Playbill is a monthly U. S. magazine for theatregoers. Although there is a subscription issue available for home delivery, most copies of Playbill are printed for particular productions and distributed at the door as the show's program. Playbill was first printed in 1884 for a single theatre on 21st Street in New York City; the magazine is now used at nearly every Broadway theatre, as well as many Off-Broadway productions. Outside New York City, Playbill is used at theatres throughout the United States. Circulation as of September 2012 was 4,073,680; the Playbill, as it was called until 1957, was billed as "The Magazine of the Theatre" and was published by an entity known as the New York Theatre Program Corporation. Each issue features articles focusing on actors, new plays and special attractions; this "wraparound" section is the same for all Playbills at all venues each month. Within this wraparound, the Playbill contains listings and biographies of the cast, it lists the number of intermissions and "At This Theatre", a column with historical information on the theatre housing the production.
The Playbill distributed on opening night of a Broadway show is stamped with a seal on the cover and the date appears on the title page within the magazine. In lieu of the cast and show information, the subscription edition of Playbill contains listings of Broadway and Off-Broadway productions and news from London productions and North American touring companies; the Playbill banner is yellow with black writing. Each June since 2014, the yellow banner has been replaced with a rainbow banner for LGBT Pride Month; the Playbill banner has changed the yellow to another color on rare occasions in its history: October 2008 – green for the fifth anniversary of Wicked October 2011 – royal blue for the tenth anniversary of Mamma Mia! October 2013 – green for the tenth anniversary of Wicked April 2018 - white and red for the 5th anniversary of Kinky Boots Playbill launched Playbill Online in January 1994; the free website offers news about the theatre industry, focusing on New York shows but including regional theatre and international stage happenings.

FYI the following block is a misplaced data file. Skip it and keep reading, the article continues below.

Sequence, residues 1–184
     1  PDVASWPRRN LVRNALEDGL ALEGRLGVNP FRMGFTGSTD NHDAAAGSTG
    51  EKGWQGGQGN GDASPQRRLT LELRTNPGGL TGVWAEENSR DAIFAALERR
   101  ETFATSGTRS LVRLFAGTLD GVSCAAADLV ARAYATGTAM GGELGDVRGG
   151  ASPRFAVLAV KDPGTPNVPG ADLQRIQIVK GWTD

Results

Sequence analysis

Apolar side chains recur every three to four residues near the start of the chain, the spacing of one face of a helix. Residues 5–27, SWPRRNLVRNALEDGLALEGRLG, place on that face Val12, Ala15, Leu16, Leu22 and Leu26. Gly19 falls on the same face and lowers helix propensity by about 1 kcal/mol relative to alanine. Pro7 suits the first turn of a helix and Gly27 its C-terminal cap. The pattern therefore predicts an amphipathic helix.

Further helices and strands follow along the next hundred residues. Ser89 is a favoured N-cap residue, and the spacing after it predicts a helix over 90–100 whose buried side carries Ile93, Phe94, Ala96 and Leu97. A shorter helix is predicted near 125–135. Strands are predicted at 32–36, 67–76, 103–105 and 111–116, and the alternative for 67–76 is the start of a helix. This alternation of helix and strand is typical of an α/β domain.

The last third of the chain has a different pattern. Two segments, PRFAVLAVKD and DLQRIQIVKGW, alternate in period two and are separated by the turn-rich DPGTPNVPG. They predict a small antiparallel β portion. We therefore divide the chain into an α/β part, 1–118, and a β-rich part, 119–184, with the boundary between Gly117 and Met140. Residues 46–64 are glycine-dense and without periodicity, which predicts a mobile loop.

It is read by show fans and theatre practitioners, is updated regularly. It offers discounts on tickets and dining for its members. In 2000, Playbill added www.playbillstore.com, an online shopping store offering official Playbill merchandise and merchandise from most current Broadway and touring productions. In 2006, Playbill released its first records on Playbill Records, an imprint of SonyBMG. Releases included Brian Stokes Mitchell's eponymous solo album and two compilations of show tunes entitled Scene Stealers, The Men and Scene Stealers, The Women. Playbill Radio, a 24-hour Broadway-themed internet radio station featuring news, a musical library of over 20,000 titles, premiered in 2007. In 2011, Playbill launched a comprehensive online database of Broadway history. Playbill Vault provides records of Broadway productions from 1930 to the present. Information on the website includes original and current casts, actor head shots, production credits, Playbill cover images, scanned Playbill Who's Who pages, production photos, videos.
In 2012, Playbill launched Playbill Memory Bank, a website that allowed theater-goers to track their memories of their theater attendances by entering dates they attended a show, along with information like ticket scans. The site provided information about cast members, including which performer had each particular role, for roles that may have had several replacements over the life of the show. Playbill Memory Bank shut down December 31, 2016. Playbill launched its first app, called Playbill Passport, on January 4, 2016. For decades, Playbill concentrated on Broadway and Off-Broadway theaters, while Stagebill focused on concerts and dance in venues such as Lincoln Center and Carnegie Hall. However, by the late 1990s, Playbill was profitable. To increase revenue, Stagebill entered Playbill's turf; the truce was first breached in 1995, when The Public Theater defected to Stagebill, more noisily in 1997, when Disney contracted Stagebill for its musical The Lion King at its newly reopened New Amsterdam Theatre.